LONDON (Reuters) - The manufacturing sector expanded faster than expected in February, matching the previous month’s 15-year high rate of growth and suggesting the economic recovery may be gathering pace, figures showed on Monday.
The CIPS/Markit manufacturing purchasing managers’ index held at 56.6 last month, the same level as January, which was the strongest since October 1994. The index has now held above the 50.O mark, separating expansion from contraction, for five months.
Analysts had expected a reading of 56.1 in February.
The result came hard on the heels of a survey by the Engineering Employers Federation which showed output returned to growth at the start of 2010 for the first time in more than a year.
“This bodes well for a good first-quarter GDP figure, but we need to remember that manufacturing is still a small part of the UK economy,” said James Knightly, an economist at ING.
“Consumer spending, which makes up around two-thirds of the economy, remains soft.”
The detail of the PMI report showed manufacturing output rose for a ninth month in a row, hitting its fastest rate of growth since September 1996 with an index score of 59.8.
And there was more encouraging news for policymakers looking for a weaker pound to boost the competitiveness of British manufacturing in overseas markets. New export orders grew at the fastest pace since the survey started including such data.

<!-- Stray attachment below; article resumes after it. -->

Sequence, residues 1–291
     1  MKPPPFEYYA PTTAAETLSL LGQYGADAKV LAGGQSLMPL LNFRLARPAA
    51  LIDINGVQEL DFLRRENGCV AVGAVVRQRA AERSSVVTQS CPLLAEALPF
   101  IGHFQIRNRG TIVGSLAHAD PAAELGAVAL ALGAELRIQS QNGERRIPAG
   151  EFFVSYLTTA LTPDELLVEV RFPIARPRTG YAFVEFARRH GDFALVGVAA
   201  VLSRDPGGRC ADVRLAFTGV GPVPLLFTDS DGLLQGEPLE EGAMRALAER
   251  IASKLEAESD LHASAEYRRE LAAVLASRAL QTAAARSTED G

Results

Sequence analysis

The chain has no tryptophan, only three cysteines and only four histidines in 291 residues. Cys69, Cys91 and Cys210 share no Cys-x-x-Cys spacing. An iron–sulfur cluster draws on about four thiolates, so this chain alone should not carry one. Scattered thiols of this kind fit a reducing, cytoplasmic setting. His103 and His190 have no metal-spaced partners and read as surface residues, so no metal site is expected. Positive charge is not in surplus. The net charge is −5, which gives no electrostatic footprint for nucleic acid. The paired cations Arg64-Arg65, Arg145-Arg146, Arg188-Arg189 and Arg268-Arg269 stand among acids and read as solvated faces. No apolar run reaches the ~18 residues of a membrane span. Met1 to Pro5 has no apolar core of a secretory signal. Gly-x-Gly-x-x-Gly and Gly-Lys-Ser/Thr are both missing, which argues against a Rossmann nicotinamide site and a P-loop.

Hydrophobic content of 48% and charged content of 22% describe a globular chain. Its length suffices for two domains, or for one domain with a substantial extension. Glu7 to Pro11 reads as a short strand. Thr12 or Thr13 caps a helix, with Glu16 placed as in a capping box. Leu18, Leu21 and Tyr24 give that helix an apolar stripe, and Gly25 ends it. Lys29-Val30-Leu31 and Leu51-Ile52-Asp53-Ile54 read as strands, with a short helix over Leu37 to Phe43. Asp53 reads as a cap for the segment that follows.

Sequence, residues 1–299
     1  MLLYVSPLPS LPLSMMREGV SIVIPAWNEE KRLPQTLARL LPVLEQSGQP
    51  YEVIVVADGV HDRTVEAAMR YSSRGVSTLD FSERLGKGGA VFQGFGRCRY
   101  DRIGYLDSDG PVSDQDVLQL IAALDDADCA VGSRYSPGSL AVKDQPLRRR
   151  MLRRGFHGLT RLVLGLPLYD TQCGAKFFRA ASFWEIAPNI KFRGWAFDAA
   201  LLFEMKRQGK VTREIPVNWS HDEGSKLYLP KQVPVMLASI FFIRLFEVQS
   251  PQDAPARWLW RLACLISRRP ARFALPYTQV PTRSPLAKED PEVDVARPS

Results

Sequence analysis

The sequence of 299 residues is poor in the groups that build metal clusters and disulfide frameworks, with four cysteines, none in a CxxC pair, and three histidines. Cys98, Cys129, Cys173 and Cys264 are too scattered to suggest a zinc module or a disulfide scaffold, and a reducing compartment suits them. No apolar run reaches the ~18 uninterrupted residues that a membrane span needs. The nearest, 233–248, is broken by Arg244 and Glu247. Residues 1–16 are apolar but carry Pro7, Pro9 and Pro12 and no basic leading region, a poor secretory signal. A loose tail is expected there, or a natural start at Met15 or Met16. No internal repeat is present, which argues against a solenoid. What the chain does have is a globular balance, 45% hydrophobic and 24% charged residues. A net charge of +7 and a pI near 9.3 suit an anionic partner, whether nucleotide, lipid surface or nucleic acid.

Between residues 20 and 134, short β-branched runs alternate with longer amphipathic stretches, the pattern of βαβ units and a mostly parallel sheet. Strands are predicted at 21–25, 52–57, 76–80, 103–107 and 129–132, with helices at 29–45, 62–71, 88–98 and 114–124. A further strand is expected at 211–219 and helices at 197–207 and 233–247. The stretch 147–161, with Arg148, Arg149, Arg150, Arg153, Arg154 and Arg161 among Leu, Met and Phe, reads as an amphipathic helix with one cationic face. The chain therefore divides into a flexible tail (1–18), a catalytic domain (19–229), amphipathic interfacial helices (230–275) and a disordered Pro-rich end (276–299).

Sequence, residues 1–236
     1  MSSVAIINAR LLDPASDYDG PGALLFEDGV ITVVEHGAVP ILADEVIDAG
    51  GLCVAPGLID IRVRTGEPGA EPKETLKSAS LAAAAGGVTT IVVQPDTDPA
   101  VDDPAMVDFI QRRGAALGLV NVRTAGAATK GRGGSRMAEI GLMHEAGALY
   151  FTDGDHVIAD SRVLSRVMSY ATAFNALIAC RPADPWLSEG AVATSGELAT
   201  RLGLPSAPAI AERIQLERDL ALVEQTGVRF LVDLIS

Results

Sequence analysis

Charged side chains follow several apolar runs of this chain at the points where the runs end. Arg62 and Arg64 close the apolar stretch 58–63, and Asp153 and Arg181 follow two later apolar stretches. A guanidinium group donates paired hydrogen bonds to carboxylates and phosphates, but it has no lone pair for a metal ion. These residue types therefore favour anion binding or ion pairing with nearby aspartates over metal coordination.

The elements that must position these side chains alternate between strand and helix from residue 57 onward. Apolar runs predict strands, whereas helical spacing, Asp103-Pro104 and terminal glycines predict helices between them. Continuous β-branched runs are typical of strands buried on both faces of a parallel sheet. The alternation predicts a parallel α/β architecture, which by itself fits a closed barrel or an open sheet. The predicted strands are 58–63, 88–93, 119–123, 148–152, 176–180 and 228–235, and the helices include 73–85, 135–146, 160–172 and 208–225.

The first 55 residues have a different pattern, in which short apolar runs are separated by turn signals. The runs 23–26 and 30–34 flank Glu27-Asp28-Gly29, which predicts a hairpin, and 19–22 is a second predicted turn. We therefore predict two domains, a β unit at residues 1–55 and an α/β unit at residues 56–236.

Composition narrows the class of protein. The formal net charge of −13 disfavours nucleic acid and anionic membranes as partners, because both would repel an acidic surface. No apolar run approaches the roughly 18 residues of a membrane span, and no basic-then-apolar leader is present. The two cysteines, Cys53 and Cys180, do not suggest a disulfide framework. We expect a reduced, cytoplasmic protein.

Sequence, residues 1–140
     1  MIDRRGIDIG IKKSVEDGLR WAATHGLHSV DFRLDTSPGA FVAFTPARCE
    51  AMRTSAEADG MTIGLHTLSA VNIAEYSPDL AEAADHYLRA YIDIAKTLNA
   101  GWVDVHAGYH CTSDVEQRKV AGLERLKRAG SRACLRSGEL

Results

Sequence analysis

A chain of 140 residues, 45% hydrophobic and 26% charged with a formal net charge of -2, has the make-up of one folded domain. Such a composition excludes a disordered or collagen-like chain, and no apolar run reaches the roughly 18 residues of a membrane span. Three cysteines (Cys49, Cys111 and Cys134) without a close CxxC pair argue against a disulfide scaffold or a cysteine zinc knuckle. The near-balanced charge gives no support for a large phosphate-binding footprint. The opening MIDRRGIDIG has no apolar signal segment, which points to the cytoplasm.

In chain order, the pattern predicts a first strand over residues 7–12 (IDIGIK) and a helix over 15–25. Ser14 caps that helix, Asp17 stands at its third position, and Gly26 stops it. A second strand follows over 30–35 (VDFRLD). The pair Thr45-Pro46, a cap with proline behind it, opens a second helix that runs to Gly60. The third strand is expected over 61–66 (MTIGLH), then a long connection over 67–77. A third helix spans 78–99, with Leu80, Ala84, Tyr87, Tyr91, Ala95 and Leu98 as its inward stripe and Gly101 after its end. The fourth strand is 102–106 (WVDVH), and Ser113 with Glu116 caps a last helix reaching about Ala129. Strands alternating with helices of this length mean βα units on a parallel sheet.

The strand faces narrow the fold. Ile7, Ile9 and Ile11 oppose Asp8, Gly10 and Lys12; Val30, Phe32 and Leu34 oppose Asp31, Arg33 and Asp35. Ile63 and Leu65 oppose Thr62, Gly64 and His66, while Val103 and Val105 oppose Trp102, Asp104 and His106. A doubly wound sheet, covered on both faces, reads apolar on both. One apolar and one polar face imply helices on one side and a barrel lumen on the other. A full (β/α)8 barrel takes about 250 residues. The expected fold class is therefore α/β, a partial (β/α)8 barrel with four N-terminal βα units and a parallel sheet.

“The PMI survey suggests that the good news provided by the surge in output reported by the Office for National Statistics in December will have continued in early-2010,” said Rob Dobson, senior economist at Markit Economics.
“Even more encouraging are the growing signs that business-to-business and investment spending are recovering, which points to a more sustainable and broad-based recovery.”
Official data on Friday showed the economy grew by 0.3 percent in the final quarter of 2009, ending an 18-month recession and three times stronger than an initial estimate.
Manufacturing makes up about 13 percent of the overall economy.
The Bank of England, which has cut interest rates to a record low of 0.5 percent and unleashed a 200 billion pound asset-buying scheme to boost growth, expects a slow recovery and is particularly concerned about a continued dearth of credit.
The central bank also expects an initial spike in inflation to subside, leaving the consumer price index well below its 2 percent target in two years’ time.
While the Bank thinks the downside risks to growth currently outweigh the upside risks, there is a chance that inflation could turn out stronger than expected.
The PMI survey showed both input price and output price growth accelerating in February to rates not seen since late 2008.
Editing by Susan Fenton